The Brand case was brought to recover for injuries sustained when the plaintiff walked through a glass door. The petition there and the one here are similar in most of their relevant aspects. In each the glass was alleged to be neither visible nor obvious, and where located, constituted a dangerous and unsafe condition. One of the holdings in Brand was that a failure to negate by allegations the presence of metal or other hardware in the construction of the door or of a track for the door to move upon as it was being opened or closed, was sufficient to put the plaintiff on notice of the presence of the door. In this case the petition seeks to evade this ruling by alleging that the fixed glass panel was supported by two mullions or posts but that these were hidden by handing draperies or curtains. This attempted evasion can not be effective as it is certainly a matter of common knowledge that hanging draperies or curtains generally are used to embellish glass windows or partitions. If the presence of hardware in a glass door is sufficient to put one on notice as to the existence of a glass door (as per Brand), then all the more, we would think, hanging draperies or curtains would serve to put one on such notice.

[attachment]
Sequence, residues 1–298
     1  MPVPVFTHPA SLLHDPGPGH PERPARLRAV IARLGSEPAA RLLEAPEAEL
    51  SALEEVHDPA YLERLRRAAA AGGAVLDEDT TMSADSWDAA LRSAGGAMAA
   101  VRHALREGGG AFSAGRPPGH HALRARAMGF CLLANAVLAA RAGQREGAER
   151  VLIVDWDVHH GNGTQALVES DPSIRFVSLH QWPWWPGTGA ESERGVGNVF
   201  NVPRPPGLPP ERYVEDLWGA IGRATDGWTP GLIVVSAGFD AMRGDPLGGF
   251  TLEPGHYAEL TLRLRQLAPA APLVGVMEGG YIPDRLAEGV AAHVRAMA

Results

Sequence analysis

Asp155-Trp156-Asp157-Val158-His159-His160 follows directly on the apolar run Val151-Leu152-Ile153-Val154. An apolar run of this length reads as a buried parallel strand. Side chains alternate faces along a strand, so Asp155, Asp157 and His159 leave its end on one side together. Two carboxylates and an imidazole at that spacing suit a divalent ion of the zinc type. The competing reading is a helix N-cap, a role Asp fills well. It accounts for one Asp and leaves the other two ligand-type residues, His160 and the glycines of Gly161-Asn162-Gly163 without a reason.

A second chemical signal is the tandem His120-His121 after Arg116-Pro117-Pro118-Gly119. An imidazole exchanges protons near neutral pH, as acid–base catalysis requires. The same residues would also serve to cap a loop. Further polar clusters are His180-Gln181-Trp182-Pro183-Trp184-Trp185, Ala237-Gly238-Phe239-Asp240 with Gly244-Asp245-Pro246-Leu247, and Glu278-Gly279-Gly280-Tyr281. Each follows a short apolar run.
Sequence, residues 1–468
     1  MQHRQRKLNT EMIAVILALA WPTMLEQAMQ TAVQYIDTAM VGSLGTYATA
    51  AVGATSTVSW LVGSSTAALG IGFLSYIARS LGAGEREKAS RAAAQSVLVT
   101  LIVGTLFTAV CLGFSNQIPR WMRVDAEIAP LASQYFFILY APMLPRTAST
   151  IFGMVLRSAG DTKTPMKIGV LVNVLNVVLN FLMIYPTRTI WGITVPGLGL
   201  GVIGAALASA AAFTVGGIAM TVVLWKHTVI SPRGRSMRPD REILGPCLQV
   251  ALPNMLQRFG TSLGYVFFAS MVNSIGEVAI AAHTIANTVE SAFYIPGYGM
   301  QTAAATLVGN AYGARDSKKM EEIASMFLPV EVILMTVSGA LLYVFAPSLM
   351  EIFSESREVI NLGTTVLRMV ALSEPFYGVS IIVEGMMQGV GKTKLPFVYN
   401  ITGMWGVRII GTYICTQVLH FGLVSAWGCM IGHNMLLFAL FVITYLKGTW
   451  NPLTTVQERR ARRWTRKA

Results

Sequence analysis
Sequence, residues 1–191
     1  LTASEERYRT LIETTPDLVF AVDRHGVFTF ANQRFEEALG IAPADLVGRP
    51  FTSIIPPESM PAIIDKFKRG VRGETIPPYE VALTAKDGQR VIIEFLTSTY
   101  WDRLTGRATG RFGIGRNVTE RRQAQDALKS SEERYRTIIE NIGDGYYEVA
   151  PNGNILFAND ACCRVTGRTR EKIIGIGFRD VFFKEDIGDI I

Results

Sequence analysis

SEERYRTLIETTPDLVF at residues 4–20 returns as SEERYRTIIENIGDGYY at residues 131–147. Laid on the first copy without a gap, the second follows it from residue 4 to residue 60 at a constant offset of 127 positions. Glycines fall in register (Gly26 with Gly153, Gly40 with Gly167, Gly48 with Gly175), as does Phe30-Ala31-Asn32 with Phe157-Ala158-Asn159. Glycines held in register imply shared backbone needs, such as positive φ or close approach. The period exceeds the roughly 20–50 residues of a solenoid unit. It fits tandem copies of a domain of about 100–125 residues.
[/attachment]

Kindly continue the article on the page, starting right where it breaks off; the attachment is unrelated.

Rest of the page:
Thus, it is quite apparent that the petition here would be subject to general demurrer under the authority of Brand. But we are not now concerned with a general demurrer. We are reviewing the grant of a motion for summary judgment and must consider the answer and the evidence as well as the petition to determine if there is present in the case a substantial issue of fact.